In business news, it's been a very slow week for me. I've been sick most of the week, and between work and trying to recover from a nasty flu, there simply hasn't been much photography going on.

One important breakthrough, I've reached an agreement with my landlord to sign the paperwork so I can file for my business license with the city. I also found out there's a possibility that as a disabled veteran, my license fees may be waived. Not a huge cost savings, only $85 or so, but every little bit helps.

And thanks to all those who have been leaving such great supportive and informative comments! Your words of encouragement are greatly motivating to me, and some of the resources you've pointed me towards have been invaluable.

Gotta go. More to come soon.
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Monday, March 10, 2008

Strobist Assignment Review

Just posted on the Strobist Blog, the results are in from Strobist: Lighting 102: Discussion - Double-Duty Light and I'm thrilled to have my "Nest Egg" image make the list! Please take a moment, check out the post and some of the images, and see the amazing things that can be done with a single light...
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Sunday, March 9, 2008

Senior Portraits

William Davis, originally uploaded by cycle61.

From today's senior shoot for my cousin. Two SB's, camera right and left with CTO gels, slow shutter (1/5 second!) to burn in ambient light behind on the stage. I've got a few more from the shoot on my Flickr.

Copies of all the portraits I shot last week are posted in the theater lobby at 5x7" matted on 8x10" paper. It was interesting standing back at the wall during intermission, watching everybody gather around them, pointing out their pictures, their friends, which shots they liked or didn't like, etc. My website address wasn't there, but it's now posted along with the pictures, and I'm listed as the "Production Photogrpaher" in the program. Pretty exciting stuff for me. Now I've just got to get some business in a town that's less than 80 miles away...

I also got in some shooting during the "12th Night" performance. Conditions were far from ideal, but considering I'm shooting with a shirt wrapped around the camera, from the back row, wide open at f/5.6, ISO 3200, I think the shots came out pretty nicely. It certainly would have been nice to have a 70-200/2.8 and a body that doesn't make such a mess at high ISO's, but you get to use the camera you have, not the one you dream about...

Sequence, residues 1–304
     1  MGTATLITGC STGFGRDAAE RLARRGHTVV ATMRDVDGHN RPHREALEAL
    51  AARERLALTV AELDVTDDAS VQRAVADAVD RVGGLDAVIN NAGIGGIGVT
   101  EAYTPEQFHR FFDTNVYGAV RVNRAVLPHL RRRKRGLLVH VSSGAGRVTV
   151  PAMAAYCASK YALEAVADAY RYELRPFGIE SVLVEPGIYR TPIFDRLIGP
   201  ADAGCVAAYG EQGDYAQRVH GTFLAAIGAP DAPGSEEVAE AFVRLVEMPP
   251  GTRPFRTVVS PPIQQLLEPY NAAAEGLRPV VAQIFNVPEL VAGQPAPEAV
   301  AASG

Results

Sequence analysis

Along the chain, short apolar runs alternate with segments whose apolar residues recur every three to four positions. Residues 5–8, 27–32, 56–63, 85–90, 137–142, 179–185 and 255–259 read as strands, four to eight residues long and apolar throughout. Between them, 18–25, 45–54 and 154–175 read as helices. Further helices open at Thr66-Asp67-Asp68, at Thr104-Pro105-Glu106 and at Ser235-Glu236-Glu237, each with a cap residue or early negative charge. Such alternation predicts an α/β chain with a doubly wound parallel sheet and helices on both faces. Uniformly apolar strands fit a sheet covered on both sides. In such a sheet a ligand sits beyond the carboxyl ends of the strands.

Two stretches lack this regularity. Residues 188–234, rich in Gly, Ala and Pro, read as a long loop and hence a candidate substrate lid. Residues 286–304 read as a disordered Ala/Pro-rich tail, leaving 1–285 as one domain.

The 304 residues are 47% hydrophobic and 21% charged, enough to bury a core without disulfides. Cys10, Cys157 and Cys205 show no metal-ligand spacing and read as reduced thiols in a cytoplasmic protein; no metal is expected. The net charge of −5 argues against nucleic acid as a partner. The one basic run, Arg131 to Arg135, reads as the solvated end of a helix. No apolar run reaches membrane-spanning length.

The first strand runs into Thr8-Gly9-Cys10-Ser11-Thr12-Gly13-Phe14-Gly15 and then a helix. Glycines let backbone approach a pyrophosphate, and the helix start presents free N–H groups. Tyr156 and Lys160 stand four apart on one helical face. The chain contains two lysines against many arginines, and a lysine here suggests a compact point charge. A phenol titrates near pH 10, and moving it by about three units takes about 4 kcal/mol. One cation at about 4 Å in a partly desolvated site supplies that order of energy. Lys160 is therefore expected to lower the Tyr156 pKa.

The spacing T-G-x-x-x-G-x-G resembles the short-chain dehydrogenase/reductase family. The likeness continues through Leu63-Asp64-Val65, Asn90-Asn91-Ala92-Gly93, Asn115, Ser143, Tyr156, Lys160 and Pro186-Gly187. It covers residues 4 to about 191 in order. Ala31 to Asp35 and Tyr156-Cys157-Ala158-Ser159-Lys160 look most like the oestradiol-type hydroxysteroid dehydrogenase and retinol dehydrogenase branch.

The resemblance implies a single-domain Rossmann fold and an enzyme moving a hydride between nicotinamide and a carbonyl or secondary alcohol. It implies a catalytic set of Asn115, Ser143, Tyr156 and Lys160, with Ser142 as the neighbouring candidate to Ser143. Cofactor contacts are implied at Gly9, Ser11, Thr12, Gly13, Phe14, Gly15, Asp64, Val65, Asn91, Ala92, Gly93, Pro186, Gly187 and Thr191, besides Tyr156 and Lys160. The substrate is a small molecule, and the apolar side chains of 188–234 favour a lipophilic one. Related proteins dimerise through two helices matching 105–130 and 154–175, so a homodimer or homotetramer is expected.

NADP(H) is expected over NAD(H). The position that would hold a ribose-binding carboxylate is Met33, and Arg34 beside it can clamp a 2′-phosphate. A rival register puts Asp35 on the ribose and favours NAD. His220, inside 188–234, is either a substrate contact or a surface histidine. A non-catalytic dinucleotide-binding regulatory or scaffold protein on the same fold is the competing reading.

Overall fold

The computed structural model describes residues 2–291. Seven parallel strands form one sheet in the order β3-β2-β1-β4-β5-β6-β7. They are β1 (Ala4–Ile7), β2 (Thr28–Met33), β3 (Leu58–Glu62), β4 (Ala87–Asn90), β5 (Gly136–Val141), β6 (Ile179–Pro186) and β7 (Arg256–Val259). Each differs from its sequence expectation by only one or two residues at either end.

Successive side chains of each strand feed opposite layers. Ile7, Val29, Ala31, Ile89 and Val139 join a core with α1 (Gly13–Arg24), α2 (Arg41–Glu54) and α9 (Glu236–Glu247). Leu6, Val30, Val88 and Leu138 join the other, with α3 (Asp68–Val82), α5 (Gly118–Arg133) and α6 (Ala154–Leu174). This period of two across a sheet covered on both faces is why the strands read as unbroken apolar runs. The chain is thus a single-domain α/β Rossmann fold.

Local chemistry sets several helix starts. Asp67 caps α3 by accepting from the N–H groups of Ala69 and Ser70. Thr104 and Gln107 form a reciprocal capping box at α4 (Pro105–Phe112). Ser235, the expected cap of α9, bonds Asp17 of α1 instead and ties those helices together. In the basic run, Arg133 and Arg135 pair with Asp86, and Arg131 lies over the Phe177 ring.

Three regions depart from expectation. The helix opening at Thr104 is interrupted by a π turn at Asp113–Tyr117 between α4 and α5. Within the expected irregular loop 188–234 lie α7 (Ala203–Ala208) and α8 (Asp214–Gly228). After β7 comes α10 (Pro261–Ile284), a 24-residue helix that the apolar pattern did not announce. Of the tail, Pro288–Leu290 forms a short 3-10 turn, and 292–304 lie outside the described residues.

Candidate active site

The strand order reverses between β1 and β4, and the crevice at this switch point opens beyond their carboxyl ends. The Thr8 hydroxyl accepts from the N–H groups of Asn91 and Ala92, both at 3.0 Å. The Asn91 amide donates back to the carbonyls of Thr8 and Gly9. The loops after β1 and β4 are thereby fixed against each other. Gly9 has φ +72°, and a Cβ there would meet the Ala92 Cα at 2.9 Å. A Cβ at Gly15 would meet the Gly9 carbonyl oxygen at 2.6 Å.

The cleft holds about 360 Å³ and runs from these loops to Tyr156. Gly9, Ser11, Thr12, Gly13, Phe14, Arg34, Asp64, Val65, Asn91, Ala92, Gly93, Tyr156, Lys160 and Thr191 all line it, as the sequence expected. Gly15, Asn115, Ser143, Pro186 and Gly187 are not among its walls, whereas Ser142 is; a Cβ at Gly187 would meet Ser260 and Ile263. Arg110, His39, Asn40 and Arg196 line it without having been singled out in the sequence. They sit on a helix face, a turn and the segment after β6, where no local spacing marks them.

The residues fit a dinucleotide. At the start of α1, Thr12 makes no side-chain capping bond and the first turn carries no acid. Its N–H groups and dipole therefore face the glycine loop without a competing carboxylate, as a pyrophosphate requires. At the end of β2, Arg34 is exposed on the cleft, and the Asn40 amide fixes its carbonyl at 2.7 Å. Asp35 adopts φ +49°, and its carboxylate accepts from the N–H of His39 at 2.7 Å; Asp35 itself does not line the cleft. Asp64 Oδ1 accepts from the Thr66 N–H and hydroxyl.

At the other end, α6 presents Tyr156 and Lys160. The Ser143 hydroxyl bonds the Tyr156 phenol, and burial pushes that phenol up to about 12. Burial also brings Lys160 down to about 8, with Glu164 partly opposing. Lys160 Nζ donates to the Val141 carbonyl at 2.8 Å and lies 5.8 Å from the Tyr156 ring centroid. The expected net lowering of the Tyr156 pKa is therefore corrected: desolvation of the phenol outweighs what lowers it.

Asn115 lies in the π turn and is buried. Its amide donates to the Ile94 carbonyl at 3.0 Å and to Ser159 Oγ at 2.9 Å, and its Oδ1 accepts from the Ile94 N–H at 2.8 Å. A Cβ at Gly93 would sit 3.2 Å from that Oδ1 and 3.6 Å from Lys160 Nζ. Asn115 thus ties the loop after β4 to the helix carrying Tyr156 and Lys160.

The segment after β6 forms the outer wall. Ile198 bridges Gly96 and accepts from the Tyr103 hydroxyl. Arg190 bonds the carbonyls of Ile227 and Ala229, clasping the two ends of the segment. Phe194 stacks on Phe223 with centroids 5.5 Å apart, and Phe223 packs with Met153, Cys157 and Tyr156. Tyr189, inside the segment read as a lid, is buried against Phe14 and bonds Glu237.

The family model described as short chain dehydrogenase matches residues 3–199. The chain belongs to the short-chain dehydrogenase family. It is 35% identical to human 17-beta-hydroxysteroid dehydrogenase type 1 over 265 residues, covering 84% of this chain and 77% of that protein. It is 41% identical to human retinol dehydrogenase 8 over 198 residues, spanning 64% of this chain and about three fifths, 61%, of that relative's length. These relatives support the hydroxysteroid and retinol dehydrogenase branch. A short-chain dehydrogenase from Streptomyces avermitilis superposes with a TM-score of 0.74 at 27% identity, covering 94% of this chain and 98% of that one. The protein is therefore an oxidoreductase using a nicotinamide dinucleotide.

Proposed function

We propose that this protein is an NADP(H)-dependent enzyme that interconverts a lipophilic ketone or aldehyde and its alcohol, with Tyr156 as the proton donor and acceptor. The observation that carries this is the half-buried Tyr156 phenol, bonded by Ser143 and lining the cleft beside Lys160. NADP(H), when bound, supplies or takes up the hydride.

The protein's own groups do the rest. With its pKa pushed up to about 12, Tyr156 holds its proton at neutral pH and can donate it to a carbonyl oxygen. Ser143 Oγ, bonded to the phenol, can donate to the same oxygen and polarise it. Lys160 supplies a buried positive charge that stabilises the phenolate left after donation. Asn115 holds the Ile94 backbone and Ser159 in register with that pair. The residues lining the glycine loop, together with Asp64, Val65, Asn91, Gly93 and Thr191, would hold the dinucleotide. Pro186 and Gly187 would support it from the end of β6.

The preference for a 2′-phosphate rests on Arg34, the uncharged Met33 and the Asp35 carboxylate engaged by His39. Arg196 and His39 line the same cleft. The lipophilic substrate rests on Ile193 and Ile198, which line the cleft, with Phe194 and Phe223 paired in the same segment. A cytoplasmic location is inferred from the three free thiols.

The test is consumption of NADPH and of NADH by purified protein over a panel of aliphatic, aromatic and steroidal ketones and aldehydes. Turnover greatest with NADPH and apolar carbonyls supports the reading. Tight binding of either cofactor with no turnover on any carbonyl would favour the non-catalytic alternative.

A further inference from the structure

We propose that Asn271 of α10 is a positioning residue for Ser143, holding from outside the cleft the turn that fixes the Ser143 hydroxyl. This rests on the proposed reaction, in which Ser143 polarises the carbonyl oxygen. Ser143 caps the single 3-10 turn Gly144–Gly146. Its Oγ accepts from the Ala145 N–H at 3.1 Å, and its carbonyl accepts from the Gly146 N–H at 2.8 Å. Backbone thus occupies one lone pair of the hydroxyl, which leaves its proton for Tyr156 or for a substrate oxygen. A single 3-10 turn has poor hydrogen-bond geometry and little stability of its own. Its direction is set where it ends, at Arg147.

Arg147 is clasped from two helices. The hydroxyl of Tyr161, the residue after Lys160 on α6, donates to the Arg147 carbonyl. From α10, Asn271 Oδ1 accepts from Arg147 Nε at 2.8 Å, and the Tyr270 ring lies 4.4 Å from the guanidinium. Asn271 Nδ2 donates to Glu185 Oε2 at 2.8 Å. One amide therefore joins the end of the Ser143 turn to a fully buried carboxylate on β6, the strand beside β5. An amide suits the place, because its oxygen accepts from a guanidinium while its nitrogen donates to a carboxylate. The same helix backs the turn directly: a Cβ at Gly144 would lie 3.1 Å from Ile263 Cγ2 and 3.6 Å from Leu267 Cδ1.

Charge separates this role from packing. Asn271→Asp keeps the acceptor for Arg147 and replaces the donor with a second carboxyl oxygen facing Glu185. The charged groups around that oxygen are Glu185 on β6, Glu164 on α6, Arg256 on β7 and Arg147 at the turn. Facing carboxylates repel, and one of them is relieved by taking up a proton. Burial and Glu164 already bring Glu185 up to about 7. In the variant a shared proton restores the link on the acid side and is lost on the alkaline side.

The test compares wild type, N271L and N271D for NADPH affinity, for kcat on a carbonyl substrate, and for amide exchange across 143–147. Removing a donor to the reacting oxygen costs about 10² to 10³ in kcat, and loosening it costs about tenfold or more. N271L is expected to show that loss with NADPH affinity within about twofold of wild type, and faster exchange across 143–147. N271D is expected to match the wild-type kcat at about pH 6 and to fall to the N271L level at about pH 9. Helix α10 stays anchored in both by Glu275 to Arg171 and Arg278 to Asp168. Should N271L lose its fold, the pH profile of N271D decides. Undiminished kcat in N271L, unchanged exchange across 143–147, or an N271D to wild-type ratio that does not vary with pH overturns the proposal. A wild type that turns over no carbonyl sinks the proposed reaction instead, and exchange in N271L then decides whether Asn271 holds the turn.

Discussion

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Friday, March 7, 2008

February business review

rearview mirrorJust going to take a few minutes to look back over the last month here...I’m not sure what the expected financial “break even” point is for a fledgling photographic business, especially a part time one, but I’m certainly not there yet. Cycle 61 Photography’s business plan in the early stages of development, and at this point my photographic activity is primarily to be involved with everything I can. February’s progress report and upcoming events, after the jump.

Total photographic income for February is $60.00, which was my “thank you” for shooting the wedding last week. Please note again that this was a personal job, and this is not going to be my normal rate… Also, no stock sales as yet but I'm not in a hurry, I have 99 images online at PhotoShelter now and I know that stock is a numbers game as much as anything. My goal for this is to double my collection to 200 images live by the end of March.

Expenses, mostly mileage on the car and purchasing “The Moment it Clicks”, a new 4gb memory card, the LumiQuest softbox, some rechargeable batteries, and a parking ticket, were considerably more. (Can I count my parking ticket?) I also need to start factoring in the cost of the data plan for my cell phone and a few other items.

I've been leaning on my landlord to sign the permission to operate a business from my residence, apparently his lawyer advised him he should raise my rent if he lets me base my business here. I'm trying to explain that my business basically fits in my backpack, and the city just won't let me use a PO Box or I'd pay the $39 and be done with all this hassle.

I’m shooting senior portraits for my cousin this weekend, along with (possibly) a group shot of the “12th Night” cast. Next weekend is a regional tournament for a bunch of the local elementary schools, I’ll be shooting events for two of the teams. I shot this last year as well, and produced a book for the parents through Blurb, which sold out immediately at $20/copy. The Saturday after that is the meeting of our Bay Area DPR photography group, and I’ll be working as an assistant and behind-the-scenes shooter on a professional fashion shoot in San Francisco that afternoon.

I also finally finished the post work for the wedding I shot last week, the gallery is online and ready to go!

Read more: Full post and comments here.

I've been DAM busy this week

Remember that post a few days ago about 814 Photographs? Well, post processing of those photos and some backend work on my image archive is the reason you've been looking at that ASMP camera for three days now. Thanks, by the way, to the couple of people who put in a few words of support on Chase's website. It should be interesting to see what happens with that. More about my DAM week, after the jump.